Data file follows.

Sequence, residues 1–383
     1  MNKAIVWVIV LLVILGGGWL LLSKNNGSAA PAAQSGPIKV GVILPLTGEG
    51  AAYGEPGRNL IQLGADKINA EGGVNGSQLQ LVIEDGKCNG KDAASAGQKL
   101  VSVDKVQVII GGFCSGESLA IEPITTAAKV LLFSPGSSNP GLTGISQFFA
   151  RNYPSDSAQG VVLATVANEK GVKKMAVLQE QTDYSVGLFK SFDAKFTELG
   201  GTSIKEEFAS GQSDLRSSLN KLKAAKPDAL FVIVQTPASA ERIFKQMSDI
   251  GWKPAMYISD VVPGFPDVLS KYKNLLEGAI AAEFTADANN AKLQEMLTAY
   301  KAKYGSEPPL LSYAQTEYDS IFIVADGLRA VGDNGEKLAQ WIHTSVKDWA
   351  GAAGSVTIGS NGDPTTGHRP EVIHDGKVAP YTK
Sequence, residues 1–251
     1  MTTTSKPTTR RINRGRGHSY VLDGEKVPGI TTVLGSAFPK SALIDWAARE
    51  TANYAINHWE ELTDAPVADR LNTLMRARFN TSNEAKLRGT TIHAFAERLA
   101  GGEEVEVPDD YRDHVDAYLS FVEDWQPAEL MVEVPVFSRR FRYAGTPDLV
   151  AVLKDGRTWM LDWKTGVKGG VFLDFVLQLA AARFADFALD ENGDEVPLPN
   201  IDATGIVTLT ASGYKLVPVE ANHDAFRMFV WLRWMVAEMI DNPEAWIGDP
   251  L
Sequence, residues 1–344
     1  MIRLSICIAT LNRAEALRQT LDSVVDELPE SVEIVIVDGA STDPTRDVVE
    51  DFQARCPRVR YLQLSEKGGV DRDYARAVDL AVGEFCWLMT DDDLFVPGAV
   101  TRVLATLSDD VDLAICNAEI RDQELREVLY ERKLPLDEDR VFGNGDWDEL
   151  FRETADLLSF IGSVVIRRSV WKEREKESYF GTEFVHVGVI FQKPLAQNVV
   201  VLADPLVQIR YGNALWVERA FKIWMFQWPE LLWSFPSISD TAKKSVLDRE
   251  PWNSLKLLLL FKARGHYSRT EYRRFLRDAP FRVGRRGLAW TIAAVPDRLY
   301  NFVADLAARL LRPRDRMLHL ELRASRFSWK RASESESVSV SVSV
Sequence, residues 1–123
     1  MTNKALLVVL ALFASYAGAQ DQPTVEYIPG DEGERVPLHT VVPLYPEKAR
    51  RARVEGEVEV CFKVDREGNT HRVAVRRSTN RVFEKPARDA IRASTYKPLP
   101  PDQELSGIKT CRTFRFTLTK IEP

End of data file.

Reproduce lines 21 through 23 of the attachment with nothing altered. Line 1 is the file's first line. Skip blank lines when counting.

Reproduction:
   151  FRETADLLSF IGSVVIRRSV WKEREKESYF GTEFVHVGVI FQKPLAQNVV
   201  VLADPLVQIR YGNALWVERA FKIWMFQWPE LLWSFPSISD TAKKSVLDRE
   251  PWNSLKLLLL FKARGHYSRT EYRRFLRDAP FRVGRRGLAW TIAAVPDRLY